Terence Frisby: 1932-2020

Former WGGB Chair Gail Renard pays tribute to award-winning playwright, screenwriter and actor Terence Frisby
Terence Frisby

Terence Frisby, a former WGGB member, was an award-winning playwright, screenwriter, actor and the envy of writers everywhere. His play, There’s A Girl In My Soup, was the longest running West End play at the time, running from 1966-1973.

The play opened at the Globe Theatre and starred Donald Sinden as a middle-aged celebrity chef/womanising cad who meets his match in a 19-year-old American young woman. The play encapsulated sex and the Swinging Sixties and started its life touring as Mr Danvers’ Downfall.

Sinden’s son, film-maker and actor Marc Sinden, explained: “When agents say you can guarantee it’ll come into the West End after the tour, it usually doesn’t.”

A play originally due into the Globe was delayed. The management called producer Michael Codron to ask if he had anything to bring in for eight weeks? Mr Danvers’ Downfall was renamed There’s A Girl In My Soup.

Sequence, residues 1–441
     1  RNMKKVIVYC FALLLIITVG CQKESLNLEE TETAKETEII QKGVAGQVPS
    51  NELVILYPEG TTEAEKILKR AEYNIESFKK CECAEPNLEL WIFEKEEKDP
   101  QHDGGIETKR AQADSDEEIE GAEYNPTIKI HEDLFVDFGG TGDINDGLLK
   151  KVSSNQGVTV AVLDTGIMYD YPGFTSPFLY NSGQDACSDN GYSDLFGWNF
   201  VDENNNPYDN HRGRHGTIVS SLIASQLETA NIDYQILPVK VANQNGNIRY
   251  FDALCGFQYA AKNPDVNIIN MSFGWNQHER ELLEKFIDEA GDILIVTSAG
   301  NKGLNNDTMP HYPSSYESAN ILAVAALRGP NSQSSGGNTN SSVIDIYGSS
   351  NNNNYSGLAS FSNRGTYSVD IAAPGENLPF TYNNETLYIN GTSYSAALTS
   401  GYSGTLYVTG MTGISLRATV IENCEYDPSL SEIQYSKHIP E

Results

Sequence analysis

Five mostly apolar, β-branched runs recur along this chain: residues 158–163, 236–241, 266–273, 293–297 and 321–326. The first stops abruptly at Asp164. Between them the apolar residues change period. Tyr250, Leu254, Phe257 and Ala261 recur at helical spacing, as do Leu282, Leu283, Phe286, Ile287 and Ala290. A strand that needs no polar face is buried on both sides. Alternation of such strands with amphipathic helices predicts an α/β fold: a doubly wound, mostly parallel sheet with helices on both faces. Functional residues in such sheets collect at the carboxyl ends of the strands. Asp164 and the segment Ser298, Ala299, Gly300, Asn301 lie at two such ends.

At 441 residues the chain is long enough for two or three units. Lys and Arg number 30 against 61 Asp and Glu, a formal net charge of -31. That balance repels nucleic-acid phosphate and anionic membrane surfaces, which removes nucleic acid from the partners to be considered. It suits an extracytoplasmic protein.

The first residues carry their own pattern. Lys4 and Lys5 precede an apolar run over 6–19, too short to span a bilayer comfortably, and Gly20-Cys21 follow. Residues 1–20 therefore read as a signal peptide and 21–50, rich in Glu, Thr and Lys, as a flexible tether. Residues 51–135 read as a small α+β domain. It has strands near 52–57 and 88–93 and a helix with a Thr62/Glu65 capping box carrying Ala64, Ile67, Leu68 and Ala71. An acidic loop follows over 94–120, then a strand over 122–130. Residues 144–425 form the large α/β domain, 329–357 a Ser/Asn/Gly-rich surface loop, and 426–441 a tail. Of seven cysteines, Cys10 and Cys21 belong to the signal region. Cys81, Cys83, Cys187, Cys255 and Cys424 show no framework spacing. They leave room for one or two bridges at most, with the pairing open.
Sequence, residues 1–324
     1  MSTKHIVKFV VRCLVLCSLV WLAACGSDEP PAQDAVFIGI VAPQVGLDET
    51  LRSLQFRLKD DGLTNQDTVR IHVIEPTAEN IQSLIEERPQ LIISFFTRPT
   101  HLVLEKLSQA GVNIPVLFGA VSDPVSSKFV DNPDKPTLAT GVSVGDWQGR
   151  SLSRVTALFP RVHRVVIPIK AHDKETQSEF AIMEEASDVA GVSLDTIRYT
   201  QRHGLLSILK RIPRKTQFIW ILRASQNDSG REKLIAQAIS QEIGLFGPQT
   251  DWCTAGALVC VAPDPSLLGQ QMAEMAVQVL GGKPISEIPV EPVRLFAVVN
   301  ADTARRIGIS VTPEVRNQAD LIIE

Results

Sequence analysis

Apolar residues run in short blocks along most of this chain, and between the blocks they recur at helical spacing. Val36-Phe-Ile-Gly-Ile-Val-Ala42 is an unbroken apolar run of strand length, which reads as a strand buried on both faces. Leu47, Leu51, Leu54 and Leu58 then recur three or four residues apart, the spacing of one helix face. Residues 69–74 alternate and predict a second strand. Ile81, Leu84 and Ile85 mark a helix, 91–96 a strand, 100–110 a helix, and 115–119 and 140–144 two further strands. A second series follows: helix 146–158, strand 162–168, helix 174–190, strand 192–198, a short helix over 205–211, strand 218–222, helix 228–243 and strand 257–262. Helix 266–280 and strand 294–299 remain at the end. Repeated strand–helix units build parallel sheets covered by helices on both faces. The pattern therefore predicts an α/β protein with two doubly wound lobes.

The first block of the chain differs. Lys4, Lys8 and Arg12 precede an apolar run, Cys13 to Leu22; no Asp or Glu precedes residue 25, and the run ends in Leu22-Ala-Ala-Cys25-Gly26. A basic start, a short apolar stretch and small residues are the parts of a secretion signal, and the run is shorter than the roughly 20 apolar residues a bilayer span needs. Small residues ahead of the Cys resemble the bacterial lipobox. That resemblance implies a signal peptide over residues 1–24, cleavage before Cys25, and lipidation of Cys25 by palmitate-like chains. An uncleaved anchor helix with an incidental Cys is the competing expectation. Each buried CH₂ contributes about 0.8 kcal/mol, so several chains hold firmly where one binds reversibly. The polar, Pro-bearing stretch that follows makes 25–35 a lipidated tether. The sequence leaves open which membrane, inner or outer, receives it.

“Who knew that Mr Danvers’ Downfall would have broken West End records?”

The play was also a worldwide hit on Broadway, in Sydney and all major European cities, with Gerard Depardieu playing the chef in Paris. In 1970 There’s A Girl In My Soup was made into a film starring Peter Sellers and Goldie Hawn. Terence’s script won him the Writers’ Guild Award for Best British Comedy Screenplay.

His other stage plays included The Subtopians, The Bandwagon, It’s All Right If I Do It, Rough Justice and Funny About Love, though none repeated the unprecedented success of There’s A Girl In My Soup.

Terence’s book, Outrageous Fortune, told of his success, marriage, toxic divorce and 13 years of litigation over access to his only son, Dominic. Terence helped to set up the fathers’ rights group, Families Need Fathers.

He also wrote many plays for television. His comedy series include Lucky Feller with David Jason. His radio play Just Remember Two Things: It’s Not Fair And Don’t Be Late for BBC Radio 4 won the Giles Cooper Award.

Terence was a warm, funny and sociable man with a wide smile that could light up a room. My condolences to his son Dominic Frisby.

Photo: Nick Randell